I had my sliding door open, with just the diaphanous white curtain closed, when a man walked started to walk through it. Now this is something I constantly have a little dread of, if I'm in the bath, "what if I didn't lock the door?" if I'm deflated on my bunk from the heat, "what if someone sees me like this?" Fortunately I was upright, and clothed, and my only thought was, "Ah, he'll be embarrassed when he realizes he's gone into the wrong room." Sure enough when he stopped fighting his way past gauze and looked up he started, muttered "excuse me" (for some reason so did I) and went around to the next room over. Speaking of which, I now have a new neighbor on that side. I'm not sure if he's the one living there or if he is just visiting, but now when I run into him outside on the front sidewalk we grin at each other and say "excuse me" again.
My second try with the toaster oven had better results. I marinated a mystery bird-meat (duck, maybe?), carrots and potatoes in garlic and soy sauce and roasted it for about half and hour. It wasn't especially pretty so I didn't bother taking a picture but it was sure tasty. I've found where I can get pretty large bags of granola and muesli for a reasonable price. The awesome thing about Japanese cucumbers is that they're small enough to consume an entire one in a sitting, which I'm not quite able to do with Western cucumbers and then the remnant gets wrinkly. I also eat huge amounts of the small "mikan" citruses.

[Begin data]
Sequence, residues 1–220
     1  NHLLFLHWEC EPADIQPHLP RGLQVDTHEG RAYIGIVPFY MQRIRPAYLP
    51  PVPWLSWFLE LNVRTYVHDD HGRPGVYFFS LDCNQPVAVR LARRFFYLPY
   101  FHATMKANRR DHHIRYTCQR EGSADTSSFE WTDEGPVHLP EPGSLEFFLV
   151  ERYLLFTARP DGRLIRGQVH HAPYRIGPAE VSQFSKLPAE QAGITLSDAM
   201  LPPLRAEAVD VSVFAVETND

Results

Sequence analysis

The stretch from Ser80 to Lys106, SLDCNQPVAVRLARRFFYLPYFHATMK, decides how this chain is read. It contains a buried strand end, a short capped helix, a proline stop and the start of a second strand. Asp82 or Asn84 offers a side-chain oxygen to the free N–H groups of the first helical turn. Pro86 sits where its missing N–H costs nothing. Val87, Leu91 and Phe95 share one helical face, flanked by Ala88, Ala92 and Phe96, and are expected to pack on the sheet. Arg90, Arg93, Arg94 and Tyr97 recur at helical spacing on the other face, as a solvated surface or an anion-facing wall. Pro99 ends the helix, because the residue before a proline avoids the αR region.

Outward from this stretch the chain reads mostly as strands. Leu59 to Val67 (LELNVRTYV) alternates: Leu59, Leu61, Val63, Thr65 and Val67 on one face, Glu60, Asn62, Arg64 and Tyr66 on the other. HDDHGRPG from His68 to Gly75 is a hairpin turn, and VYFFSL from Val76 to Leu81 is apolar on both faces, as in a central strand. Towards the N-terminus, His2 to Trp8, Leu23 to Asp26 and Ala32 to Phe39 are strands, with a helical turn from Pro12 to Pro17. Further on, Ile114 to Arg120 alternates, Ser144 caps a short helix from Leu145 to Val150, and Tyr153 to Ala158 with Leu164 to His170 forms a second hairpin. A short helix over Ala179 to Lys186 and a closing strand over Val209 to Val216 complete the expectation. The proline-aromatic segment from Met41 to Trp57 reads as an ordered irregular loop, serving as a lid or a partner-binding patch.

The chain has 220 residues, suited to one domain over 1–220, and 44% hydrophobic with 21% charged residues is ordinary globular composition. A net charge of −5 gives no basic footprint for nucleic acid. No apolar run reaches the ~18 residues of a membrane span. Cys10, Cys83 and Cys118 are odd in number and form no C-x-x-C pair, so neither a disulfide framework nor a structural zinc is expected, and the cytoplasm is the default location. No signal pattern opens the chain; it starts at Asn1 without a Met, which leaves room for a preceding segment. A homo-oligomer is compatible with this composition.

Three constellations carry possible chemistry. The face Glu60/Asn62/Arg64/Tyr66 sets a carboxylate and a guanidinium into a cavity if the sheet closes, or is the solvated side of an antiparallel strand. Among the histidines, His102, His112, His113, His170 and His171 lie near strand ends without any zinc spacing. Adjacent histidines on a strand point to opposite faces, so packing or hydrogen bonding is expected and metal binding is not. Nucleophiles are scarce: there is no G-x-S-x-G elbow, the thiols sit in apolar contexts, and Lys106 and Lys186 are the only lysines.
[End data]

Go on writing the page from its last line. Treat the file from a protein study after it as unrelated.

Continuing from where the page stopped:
The kanji for yen, 円, also means circle, which resulted in a student writing a paper about buying something that cost "105 circles."
In third year they're learning about volunteer programs like "visiting elderly people" (which is probably the most sadistic phrase you can make a Japanese person say with its Vs, Ss, Ls, and Rs) and picking up trash. "Collecting cans for recycling" reads one student, with an expression of confusion. "Recycling?" with the universal gesture of holding bike handles. After we clear that up, "collecting cans? Neko? (Cat)." Neko recycling, in which you bring in your old cat and get a new kitten.
I used the post office for the first time to send someone a book. I want to buy stamps and send some letters. You know, I thought when I came here that I would get so many letters sent. Not just to people I haven't seen in forever, but to those I saw everyday. Because isn't there things you can't say to people you speak to all the time but that you want to say when there's a bit of safe distance between you. If they react badly. Even email seems to immediate, reply before thinking, or it sits in your inbox until you do, but a written letter if there are things they don't want to answer they can trash it and not. Which is all to say - please let me write to you.